This year’s Christmas Card from Outfox is illustrated by Andreas Bennwik, the artist behind the movie poster Kung Fury and the album cover for David Hasselhoff’s True Survivor. The people at Outfox are, in one way or another, products of the 80’s. Hence the 80’s style.

You’ll also notice a detail if you watch Kung Fury:
Kung Fury

Key takeaways from Untagged Digital Analytics Conference

During the week, our tech team attended to Untagged, a Digital Analytics conference held in Madrid.

We had a quite impressive speakers lineup with well known experts within our field such as Brian Clifton, Yehoshua Coren, Simo Ahava to mention a few. Besides, there are few conferences targeting the more tech savvy audience so the visit was awaited.

For those who missed the opportunity, here’s my key takeaways!

Data Quality

A notable topic touched on by several speakers was data quality. As digital analysts we must question our data and how it’s being collected.

As Simo Ahava mentioned we can make the conversion rate 100% in minutes, simply by creating a goal that is impossible NOT to convert on. This might not be a real world scenario, but consider this:

A developer adds the tracking code to a new sub domain and the cookieDomain field is not set to auto.

What would happen? Well, we would initiate a new session every time a user navigates from domain.com to blog.domain.com.

Simply put, the sessions would increase and thus have a impact on the conversion rate metric. The conversion rate would decrease!

The C-level executives might think something is wrong and might take bad decisions due to bad data. It’s our job as analysts to differentiate between real world (behavioural) changes and changes in how our data is being collected.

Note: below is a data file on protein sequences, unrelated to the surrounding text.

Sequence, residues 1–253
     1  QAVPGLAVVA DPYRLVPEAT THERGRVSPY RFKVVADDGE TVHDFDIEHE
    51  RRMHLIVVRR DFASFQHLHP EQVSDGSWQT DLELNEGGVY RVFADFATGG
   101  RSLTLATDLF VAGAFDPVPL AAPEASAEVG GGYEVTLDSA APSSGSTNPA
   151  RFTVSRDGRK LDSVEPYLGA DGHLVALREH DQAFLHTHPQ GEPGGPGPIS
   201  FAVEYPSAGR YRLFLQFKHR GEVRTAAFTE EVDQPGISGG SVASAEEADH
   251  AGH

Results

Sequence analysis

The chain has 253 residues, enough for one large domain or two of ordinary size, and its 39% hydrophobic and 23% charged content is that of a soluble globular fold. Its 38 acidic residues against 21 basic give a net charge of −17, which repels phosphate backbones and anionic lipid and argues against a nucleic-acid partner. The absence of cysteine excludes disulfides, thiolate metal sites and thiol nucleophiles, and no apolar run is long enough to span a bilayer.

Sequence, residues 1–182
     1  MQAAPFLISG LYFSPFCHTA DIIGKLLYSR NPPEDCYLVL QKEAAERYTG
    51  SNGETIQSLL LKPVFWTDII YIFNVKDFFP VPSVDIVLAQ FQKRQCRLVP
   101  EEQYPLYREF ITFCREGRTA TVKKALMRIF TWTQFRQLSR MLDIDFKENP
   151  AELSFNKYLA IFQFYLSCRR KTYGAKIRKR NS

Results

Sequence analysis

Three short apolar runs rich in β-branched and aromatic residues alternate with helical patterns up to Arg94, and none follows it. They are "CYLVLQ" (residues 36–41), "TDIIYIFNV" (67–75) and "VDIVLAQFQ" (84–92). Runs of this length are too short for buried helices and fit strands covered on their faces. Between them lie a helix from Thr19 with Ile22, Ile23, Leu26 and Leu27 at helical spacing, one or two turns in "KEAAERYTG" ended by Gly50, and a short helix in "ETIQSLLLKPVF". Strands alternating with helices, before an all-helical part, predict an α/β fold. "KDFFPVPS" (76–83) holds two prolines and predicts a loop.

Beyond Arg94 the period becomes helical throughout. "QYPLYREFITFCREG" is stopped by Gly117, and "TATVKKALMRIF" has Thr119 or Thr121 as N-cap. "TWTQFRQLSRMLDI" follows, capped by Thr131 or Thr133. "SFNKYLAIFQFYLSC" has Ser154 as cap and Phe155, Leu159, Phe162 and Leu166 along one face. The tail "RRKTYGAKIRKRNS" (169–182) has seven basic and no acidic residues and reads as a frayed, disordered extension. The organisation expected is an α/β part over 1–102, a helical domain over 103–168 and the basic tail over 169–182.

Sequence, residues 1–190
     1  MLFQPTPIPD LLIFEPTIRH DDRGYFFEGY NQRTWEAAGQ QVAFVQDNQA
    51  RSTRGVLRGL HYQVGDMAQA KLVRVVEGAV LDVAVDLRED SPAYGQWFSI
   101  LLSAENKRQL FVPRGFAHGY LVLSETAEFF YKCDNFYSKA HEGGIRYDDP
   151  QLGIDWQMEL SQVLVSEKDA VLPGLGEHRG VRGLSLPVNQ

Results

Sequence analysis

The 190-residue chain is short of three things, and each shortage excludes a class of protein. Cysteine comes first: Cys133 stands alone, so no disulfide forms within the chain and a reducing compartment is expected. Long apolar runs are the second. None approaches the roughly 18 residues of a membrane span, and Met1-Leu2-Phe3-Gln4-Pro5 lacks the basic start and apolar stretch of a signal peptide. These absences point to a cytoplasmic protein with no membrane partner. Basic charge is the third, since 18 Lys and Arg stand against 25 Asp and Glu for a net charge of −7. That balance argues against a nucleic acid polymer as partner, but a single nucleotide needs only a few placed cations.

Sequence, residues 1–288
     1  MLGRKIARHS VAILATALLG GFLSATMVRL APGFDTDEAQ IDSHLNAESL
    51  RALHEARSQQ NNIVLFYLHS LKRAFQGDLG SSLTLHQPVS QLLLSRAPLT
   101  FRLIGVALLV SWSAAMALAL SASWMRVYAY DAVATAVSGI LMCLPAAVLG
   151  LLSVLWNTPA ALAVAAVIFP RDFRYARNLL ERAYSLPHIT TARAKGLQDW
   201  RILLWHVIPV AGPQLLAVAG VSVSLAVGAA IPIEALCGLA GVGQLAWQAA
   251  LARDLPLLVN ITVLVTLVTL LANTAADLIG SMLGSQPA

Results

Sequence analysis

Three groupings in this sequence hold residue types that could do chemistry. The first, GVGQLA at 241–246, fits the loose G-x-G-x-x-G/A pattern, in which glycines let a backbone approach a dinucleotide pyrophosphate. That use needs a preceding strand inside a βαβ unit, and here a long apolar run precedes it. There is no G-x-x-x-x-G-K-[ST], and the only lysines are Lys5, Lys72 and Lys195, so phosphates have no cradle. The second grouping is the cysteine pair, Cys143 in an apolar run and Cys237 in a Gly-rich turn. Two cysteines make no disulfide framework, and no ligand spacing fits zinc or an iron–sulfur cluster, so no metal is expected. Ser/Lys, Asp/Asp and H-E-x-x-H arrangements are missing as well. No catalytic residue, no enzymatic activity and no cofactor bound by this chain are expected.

Creative customisation of Google Analytics

Yehoshua Cohen and Simo Ahava both showcased great implementations where the data collected was made more accessible (or structured) within the GA interface.

Simo showed a very creative way to measure content engagement, and I really recommend reading these two articles (and everything else) for anyone interested:

Track Content Engagement Via GTM
Track Content With Enhanced Ecommerce

Yehoshua gave us very inspiring use cases for the often overlooked custom dimensions and metrics (and calculated metrics of course). I really gives us so much power to customise an implementation to fit a certain business and it’s objectives. It also makes the data that we often already measure (through events or pageviews) so much to easier to work with.

I think this blog post summarises the presentation really well:
Google Analytics Custom Metrics & Calculated Metrics

Yehoshua Coren Beatboxing

Yehoshua Coren (who seriously should be a comedian), found a creative way to get the audience back into the conference room. I guess beatboxing is the new skill that every digital analyst must acquire from now on.